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Redbox Expands Higher DVD Rental Pricing Tests

15 Aug, 2011 By: Erik Gruenwedel

Kiosks in Austin, Texas, now charging $1.15 to $1.20 per night for DVD with no change to Blu-ray Disc and video game pricing

Redbox quietly has begun charging a 15% to 20% premium for nightly $1 DVD movie rentals at kiosks in Austin, Texas, according to an analyst who tracks the company’s parent Coinstar Inc.

Eric Wold, research director with Merriman Capital in San Francisco, said the increased pricing has been ongoing for years as Redbox tests pricing on a market-by-market basis. In 2009 it briefly upped prices in Albuquerque, N.M., and last year implemented rate increases in San Diego; Spokane, Wash.; Miami; and Modesto, Calif., among other areas.

“Although price increases of 15% to 50% could seem aggressive, we believe these prices still represent a significant value relative to other single-use rental options — such as $4 to $5 for VOD and $2.99 for new-release DVDs at Blockbuster,” Wold wrote in an Aug. 15 note.

The analyst said the price increase, which mirror a 10% increase Coinstar recently implemented in its coin-counting business, could be used to accommodate ongoing studio guarantees, including the recently renewed $150 million deal with Lionsgate. Similar renewals with Sony Pictures Home Entertainment and Paramount Home Entertainment are expected.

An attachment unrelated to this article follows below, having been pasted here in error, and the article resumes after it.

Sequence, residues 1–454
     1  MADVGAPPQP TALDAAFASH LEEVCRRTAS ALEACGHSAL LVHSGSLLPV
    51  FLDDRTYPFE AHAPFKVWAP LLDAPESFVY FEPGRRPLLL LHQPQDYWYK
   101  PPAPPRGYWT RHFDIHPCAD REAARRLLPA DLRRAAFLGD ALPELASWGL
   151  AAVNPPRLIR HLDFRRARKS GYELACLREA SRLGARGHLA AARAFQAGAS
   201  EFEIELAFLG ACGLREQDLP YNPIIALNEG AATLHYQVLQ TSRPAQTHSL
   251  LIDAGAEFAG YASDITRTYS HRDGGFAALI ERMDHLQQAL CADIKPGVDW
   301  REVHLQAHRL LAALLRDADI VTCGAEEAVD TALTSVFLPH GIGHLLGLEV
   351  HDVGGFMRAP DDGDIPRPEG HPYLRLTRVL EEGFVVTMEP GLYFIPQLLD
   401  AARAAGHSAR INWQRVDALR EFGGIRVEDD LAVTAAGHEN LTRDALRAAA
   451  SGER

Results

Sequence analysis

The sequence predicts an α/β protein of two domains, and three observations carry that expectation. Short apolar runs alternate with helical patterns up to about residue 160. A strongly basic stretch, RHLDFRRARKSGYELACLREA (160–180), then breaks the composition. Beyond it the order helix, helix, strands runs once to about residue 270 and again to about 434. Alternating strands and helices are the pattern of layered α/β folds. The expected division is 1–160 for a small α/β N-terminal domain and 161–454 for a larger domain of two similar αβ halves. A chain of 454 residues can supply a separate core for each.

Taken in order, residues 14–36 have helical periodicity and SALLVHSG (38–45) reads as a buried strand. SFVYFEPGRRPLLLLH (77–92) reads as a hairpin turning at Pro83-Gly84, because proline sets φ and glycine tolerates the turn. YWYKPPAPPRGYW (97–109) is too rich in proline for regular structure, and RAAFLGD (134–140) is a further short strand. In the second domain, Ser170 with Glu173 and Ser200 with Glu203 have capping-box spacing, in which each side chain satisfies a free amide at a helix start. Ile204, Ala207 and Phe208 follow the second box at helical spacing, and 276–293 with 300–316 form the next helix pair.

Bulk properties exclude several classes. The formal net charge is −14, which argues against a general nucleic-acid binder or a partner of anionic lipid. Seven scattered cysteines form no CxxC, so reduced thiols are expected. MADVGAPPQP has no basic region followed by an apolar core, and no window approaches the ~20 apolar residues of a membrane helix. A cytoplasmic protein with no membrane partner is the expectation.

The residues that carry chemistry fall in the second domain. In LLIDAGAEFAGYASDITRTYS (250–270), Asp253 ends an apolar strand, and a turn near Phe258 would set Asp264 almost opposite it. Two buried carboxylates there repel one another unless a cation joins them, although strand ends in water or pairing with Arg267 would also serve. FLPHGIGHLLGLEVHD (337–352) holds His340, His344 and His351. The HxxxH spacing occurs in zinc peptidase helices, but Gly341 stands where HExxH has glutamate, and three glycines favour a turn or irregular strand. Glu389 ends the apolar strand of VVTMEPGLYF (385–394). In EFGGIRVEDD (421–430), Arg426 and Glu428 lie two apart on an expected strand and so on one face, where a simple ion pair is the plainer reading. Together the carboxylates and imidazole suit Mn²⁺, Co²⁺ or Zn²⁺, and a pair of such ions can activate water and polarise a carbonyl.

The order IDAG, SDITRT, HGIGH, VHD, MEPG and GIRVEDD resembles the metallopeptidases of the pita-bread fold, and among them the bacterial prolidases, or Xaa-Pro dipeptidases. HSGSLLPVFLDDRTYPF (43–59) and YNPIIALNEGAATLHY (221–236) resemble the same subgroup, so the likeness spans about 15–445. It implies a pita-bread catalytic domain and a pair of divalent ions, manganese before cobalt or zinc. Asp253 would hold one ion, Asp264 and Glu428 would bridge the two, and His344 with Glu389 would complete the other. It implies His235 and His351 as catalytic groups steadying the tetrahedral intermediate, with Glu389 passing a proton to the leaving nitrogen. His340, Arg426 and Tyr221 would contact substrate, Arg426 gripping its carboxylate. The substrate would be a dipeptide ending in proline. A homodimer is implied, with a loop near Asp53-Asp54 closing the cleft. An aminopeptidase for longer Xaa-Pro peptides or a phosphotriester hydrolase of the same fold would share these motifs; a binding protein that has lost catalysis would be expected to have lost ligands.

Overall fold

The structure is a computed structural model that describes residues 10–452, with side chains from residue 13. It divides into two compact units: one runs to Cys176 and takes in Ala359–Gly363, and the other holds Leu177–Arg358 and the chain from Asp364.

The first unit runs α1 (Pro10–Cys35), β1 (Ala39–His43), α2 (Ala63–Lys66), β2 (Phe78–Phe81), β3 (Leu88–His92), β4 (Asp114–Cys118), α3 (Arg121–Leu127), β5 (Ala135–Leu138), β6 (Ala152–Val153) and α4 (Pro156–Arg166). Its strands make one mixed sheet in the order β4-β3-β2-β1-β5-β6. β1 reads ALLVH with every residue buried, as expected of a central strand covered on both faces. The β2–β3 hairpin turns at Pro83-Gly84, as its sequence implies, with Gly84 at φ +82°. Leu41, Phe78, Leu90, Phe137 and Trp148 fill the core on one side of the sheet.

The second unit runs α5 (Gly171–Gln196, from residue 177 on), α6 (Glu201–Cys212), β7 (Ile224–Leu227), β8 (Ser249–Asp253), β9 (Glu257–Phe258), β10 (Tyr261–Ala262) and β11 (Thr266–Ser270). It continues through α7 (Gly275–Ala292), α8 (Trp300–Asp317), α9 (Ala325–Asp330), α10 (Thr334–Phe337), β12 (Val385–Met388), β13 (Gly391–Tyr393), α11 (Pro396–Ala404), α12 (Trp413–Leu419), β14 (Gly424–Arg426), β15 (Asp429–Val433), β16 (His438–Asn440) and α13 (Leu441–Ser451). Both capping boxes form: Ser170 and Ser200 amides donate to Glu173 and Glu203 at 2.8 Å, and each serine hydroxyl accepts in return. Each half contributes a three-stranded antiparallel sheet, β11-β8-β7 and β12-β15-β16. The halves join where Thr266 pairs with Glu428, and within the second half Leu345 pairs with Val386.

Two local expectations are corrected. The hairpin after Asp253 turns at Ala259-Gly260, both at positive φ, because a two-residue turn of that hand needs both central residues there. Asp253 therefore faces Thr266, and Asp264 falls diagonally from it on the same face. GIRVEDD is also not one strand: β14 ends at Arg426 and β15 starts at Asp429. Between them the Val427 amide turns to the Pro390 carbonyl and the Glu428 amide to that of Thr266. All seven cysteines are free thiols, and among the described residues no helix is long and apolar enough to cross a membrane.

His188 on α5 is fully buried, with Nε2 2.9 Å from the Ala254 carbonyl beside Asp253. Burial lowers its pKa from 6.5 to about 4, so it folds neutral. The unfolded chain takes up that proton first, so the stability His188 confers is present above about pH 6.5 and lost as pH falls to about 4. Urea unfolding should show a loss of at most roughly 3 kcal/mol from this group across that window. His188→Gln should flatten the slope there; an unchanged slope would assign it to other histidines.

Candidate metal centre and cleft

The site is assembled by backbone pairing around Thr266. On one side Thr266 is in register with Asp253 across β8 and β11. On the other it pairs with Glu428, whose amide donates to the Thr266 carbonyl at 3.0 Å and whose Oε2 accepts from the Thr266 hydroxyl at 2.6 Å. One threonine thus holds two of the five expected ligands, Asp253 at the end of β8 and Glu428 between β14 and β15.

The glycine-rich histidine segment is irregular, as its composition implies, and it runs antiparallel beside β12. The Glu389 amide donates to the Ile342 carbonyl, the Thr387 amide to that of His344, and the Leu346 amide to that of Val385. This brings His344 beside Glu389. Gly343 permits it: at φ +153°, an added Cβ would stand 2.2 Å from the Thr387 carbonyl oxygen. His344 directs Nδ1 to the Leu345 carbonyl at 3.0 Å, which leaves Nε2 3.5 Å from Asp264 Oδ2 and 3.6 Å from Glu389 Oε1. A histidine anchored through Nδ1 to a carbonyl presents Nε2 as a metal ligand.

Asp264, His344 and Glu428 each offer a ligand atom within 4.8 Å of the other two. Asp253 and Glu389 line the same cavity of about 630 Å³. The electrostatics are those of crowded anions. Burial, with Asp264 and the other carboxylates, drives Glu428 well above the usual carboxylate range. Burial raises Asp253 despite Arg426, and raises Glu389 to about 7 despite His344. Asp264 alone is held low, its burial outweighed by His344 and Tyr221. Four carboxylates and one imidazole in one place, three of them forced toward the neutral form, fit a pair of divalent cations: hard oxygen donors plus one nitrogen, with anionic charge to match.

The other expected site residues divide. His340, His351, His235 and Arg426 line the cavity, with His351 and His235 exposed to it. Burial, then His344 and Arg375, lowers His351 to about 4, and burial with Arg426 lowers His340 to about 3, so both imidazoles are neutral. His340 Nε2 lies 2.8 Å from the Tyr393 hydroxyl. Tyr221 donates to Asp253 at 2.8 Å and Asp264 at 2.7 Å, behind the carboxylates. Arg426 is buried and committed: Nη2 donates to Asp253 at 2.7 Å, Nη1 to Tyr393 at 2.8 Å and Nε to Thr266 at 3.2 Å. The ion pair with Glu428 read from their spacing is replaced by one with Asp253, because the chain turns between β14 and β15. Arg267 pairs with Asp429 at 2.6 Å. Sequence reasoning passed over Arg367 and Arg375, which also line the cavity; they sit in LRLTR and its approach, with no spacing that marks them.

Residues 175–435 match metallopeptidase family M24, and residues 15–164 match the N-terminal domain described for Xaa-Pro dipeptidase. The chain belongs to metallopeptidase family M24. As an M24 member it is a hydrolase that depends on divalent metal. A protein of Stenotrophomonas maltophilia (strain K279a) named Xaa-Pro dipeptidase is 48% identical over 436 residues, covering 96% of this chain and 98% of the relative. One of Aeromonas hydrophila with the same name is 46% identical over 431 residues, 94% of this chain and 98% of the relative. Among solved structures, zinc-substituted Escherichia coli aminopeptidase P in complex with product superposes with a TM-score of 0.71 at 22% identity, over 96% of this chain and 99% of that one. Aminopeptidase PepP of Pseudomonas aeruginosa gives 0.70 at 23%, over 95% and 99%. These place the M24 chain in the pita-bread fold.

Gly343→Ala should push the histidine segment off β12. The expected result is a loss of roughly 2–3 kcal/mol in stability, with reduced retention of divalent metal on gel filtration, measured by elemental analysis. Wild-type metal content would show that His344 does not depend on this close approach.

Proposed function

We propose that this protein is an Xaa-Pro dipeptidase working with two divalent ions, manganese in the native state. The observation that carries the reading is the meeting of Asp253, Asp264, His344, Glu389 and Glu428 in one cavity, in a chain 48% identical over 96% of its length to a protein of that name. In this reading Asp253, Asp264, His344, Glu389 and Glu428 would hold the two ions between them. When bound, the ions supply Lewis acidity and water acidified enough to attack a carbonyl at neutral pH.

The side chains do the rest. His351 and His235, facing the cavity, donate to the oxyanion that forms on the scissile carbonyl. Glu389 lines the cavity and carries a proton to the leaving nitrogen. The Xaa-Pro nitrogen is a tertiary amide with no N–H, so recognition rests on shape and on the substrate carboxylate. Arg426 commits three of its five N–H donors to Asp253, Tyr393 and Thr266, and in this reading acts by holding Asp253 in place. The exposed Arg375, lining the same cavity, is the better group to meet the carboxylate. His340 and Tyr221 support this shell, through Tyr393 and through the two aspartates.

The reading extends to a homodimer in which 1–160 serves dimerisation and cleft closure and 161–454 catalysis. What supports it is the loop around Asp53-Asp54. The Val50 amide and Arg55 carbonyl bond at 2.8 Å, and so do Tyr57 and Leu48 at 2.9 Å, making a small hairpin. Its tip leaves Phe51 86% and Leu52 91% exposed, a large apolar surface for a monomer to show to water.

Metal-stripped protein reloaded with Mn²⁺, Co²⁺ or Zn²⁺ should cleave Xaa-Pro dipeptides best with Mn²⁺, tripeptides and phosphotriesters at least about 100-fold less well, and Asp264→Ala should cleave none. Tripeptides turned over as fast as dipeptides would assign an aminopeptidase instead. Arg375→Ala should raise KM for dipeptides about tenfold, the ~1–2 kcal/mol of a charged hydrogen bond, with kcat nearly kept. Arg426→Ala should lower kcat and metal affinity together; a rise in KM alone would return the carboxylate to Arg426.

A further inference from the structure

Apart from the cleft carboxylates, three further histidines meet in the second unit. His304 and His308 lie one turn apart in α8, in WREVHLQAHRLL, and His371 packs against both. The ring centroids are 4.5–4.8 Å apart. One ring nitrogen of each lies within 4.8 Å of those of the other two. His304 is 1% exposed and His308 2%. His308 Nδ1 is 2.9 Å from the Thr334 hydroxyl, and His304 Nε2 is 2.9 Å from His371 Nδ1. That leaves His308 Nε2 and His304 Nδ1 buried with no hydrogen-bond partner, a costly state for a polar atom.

Wold said the rate hikes also could offset a possible disc price hike and extension of the 28-day delay currently imposed by Warner Home Video, Universal Studios Home Entertainment and 20th Century Fox Home Entertainment on its new releases to kiosks.

Indeed, Chase Carey, COO of Fox’s parent News Corp., last week reiterated plans to keep up pressure on rental kiosks, which he believes undervalue the studio’s content.

“Should one of those changes be negotiated by either of the studios, we believe Redbox would have the ability to implement a price increase enough to offset the impact without needing to resort back to workaround plans — both maintaining margins and not negatively impacting the customer experience,” Wold wrote.

He added that with Netflix Sept. 1 raising monthly subscription prices for members who want to rent discs and stream, the surcharge on DVD rentals at Redbox represents a better deal than the $7.99 monthly fee at Netflix.

The analyst said the price increases could generate about $26 million in pre-tax earnings for Redbox.

“While any assumptions could be made at this point, we believe management has enough data at various prices to know what change would yield the greatest positive result,” Wold wrote.


About the Author: Erik Gruenwedel

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